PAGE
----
The adjective kawaii, added to the Oxford English Dictionary at the end of 2010, is fast becoming a loanword in the English language.
While the Japanese term kawaii translates as ‘cute’ there are many specific nuances in its meaning and that is the reason why the English speaking world is adopting the Japanese word.
The word kawaii derives from the phrase kao hayushi (‘face looking more beautiful’) and was commonly used to refer to how the face looks even more beautiful when one blushes.
In generally, kawaii is a massive modern aesthetic in Japan and an aspect of pop culture, clothing, appearance and behaviour.
To be kawaii you must be physically attractive regardless of the gender and to act cute, for example: to shave your legs, put some large contact lenses to make your eyes appear bigger or opt for a double eyelid surgery to get the look. Kawaii is simply everything that emphasises the quality of cuteness, using bright colours and childlike appearance.
And while during the 90s, the term was often translated as ‘lovely’, today its meaning is describing the modern youth of Japan, known as the kawaii generation.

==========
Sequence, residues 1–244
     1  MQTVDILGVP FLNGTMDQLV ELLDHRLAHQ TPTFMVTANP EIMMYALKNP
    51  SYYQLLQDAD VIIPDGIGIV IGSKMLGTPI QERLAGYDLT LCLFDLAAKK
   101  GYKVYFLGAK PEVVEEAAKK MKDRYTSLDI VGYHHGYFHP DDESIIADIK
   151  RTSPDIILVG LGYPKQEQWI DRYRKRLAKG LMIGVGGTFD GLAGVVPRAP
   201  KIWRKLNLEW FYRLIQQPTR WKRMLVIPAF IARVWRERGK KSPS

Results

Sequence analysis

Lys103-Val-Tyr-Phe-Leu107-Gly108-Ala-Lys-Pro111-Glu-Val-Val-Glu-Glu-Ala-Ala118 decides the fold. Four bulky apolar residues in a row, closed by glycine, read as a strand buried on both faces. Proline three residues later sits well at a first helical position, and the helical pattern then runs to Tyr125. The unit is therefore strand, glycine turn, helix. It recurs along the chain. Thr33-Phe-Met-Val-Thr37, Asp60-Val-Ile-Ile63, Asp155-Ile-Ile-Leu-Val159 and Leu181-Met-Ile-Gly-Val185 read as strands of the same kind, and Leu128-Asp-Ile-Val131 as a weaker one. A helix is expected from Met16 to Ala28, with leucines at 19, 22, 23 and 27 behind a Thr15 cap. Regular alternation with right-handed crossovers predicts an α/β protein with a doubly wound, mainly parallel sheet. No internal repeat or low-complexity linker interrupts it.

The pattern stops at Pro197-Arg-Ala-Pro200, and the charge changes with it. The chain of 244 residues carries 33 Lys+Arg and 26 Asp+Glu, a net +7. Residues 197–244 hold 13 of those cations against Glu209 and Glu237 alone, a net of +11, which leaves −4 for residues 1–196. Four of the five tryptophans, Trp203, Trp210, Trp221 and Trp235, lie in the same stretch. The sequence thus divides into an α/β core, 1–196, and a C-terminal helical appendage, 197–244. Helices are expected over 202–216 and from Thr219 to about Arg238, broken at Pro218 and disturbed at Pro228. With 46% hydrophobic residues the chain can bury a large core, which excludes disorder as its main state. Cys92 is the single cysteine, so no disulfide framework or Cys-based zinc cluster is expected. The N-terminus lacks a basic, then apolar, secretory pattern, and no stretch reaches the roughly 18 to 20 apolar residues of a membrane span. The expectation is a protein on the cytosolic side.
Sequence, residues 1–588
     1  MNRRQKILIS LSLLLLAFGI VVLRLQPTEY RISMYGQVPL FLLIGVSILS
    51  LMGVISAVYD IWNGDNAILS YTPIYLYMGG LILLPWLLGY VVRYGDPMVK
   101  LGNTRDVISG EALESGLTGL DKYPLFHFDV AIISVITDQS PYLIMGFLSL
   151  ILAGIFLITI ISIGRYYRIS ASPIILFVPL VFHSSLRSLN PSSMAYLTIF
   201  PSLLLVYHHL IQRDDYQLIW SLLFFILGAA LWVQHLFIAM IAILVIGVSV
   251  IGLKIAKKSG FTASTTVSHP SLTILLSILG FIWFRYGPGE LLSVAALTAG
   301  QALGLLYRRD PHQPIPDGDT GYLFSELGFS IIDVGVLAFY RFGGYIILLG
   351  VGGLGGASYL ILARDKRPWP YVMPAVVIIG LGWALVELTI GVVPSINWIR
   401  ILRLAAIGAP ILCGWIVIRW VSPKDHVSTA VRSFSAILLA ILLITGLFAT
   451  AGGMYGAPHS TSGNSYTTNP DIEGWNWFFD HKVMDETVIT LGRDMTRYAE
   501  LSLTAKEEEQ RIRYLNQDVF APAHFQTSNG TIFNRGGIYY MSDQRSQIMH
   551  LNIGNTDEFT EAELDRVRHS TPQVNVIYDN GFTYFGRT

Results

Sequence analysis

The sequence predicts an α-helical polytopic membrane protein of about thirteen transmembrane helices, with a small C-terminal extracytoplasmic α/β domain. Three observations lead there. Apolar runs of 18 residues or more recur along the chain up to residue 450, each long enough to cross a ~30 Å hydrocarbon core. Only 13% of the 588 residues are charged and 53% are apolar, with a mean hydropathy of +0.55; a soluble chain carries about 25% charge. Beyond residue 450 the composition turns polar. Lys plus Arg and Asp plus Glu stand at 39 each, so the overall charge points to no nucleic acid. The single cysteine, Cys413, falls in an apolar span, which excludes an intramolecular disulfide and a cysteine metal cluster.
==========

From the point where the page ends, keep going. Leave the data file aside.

Kawaii was first introduced in 1999, in the story of Lady Murasaki in the Japanese classic literature, The Tale of Genji, where the term was used to refer to sentiments towards the helplessness and fragility of young children.
And while kawaii could still be used in reference to animals, objects, and children (a good example here is the global marketing Hello Kitty phenomenon, launched in 1974 to be valued at nearly $8 billion today, along with the worldwide Pokémon craze), since the late 1960s it came to mainly describe delicate beautiful girls, to nowadays spread beyond gender and culture barriers.
The kawaii phenomenon brought Japanese girls more freedom to express themselves and helped men to better understand and be emphatic toward women, thus becoming a symbol of a more tolerant and understanding society.
As kawaii culture is spreading across the world though Manga comics, Harajuku fashion, and Takashi Murakami’s artworks, some view it as an attempt to preserve yourth hiding one’s unwillingness to face the seriousness of adulthood and the harshness of the real world, while others view it as a creative aesthetic movement penetrating all aspects of life.
One thing is clear, kawaii is much more than cute, and it is hard to explain all the nuances of the kawaii concept, especially to the audience out of Japan.